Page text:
25 Ways to Sabotage Your Job Search (来源：英语学习门户网站EnglishCN.com)
You know the friend who constantly dates the wrong kind of person? The one who's endlessly frustrated that he or she is going to die alone because all the good ones are taken?
After enough venting sessions, you realize something your friend doesn't: He or she is the common thread tying together all of these -- let's just say it together -- losers. Someone needs to speak up and say, "You're doing this to yourself."
You'll find this same pattern can be true in a job hunt. Granted, we're in tough times and plenty of reasons out of your control can keep you from getting hired. But that's just one more reason to do everything within your power to be the best job seeker you can.
With that in mind, look over these 25 ways you might be unknowingly sabotaging your job search:
1. Assuming you'll never need to look for another job
You love your current job and that's great. If you're happy there and see a promising future, I hope you never have to leave. Nevertheless, you should always be prepared for the day you have to move on. Even if the boss loves you, things can change. Buyouts, economic disasters or changes in leadership can affect your employment. Continue to update your résumé while you're employed so that you have an accurate record of your accomplishments.
2. Burning bridges
We love the scenes in movies where the disgruntled employee finally tells off the boss and storms out of the office, only to live a happy, fulfilling life. In real life, these idols are probably unemployed because they don't have good references, and no employer wants to hire someone with a tarnished reputation.
3. Keeping mum on your job search
Most people aren't keen on being unemployed, and if you were laid off it's understandable that you don't want to spend all your time talking about it. But you need to network; it's one of the most effective ways to find a job. A friend of a friend of a friend often gets you the interview that lands you the job -- but that won't happen if no one knows you're looking for new career opportunities.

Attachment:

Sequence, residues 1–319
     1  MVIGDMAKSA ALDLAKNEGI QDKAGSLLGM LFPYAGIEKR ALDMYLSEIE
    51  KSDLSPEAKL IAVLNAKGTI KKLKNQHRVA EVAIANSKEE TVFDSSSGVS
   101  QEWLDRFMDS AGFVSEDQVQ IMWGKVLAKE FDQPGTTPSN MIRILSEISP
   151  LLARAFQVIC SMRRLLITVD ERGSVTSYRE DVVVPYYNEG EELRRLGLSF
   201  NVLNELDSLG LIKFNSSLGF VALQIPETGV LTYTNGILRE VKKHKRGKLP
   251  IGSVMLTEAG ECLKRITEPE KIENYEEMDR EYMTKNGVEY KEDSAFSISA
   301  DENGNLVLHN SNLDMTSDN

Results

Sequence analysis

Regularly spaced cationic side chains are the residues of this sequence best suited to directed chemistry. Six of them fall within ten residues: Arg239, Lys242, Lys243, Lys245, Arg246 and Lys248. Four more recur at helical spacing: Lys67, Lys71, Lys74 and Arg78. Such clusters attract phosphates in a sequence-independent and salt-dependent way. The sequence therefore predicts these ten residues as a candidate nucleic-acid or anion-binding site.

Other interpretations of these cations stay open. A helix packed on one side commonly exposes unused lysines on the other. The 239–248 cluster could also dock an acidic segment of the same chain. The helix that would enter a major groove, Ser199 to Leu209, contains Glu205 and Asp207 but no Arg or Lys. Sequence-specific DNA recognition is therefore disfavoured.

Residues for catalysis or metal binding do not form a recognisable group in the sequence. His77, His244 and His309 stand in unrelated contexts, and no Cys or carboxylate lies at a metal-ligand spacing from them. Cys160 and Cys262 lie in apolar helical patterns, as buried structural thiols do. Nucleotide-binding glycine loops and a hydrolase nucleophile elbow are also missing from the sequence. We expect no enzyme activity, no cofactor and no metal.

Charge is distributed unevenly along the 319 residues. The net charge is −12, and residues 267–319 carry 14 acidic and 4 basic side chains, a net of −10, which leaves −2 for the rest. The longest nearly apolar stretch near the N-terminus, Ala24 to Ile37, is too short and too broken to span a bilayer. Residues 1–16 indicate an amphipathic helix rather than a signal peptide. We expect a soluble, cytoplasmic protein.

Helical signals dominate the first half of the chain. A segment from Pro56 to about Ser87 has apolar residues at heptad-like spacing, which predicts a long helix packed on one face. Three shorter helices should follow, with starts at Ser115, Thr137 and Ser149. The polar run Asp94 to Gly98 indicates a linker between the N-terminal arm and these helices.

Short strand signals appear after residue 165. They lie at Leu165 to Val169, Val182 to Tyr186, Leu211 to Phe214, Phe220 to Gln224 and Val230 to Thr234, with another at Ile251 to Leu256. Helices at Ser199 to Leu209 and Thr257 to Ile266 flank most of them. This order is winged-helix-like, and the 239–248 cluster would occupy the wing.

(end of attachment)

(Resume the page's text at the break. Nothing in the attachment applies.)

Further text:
4. Looking for "The One"
Although you want to conduct a focused job search, you need to keep an open mind. With any luck, you'll land the perfect gig, but sometimes you have to take a job that possesses most of the qualities you want -- not all of them. If the pay is right, the requirements are in line with your experience and the opportunities for promotion are good, then you might have to overlook the fact that you have to wake up 30 minutes earlier than you'd like.
5. Not searching at all
This mistake probably seems obvious, but as anyone who's been on a lengthy job hunt can tell you, discouragement is easy to come by. A few weeks or months without a job and enough news segments on layoffs are enough to convince you that no one is hiring. Without question the market's competitive, but if you're not actively looking for work, don't expect it to fall in your lap.
6. No cover letter
Including a cover letter is an easy way to play it safe during a job hunt. Although not every employer wants one, surveys continually find employers who automatically remove job seekers from consideration if they don't include a cover letter. Why would you give any employer a reason not to hire you?
7. A generic cover letter
The only thing worse than no cover letter is one that could be sent to any anonymous employer. Starting with "To Whom It May Concern" and filling the page with phrases like "hard working" will signal the reader that you're blindly sending out applications to every job opening you see. Hiring managers are looking for someone who fits their needs, and their needs are different than another employer's. Don't treat them the same.
If you received a wedding invitation full of misspelled words and poor punctuation, you'd probably wonder why these two people didn't take the time to proofread the page. After all, it's an important event and a lot of people will be reading it. Employers will wonder the same thing about a résumé or cover letter filled with errors.
9. All "I" and not enough "you"
Your cover letter and résumé are definitely about you, but they're not for you. Employers are interested in you only in the context of what you can do for them. Whenever you reveal information about yourself, use it as proof that you offer something to the company that no one else can.
10. Giving bad contact information
When hiring managers like what they see on your résumé and cover letter, they're going to look for your contact information. If they see that your e-mail address is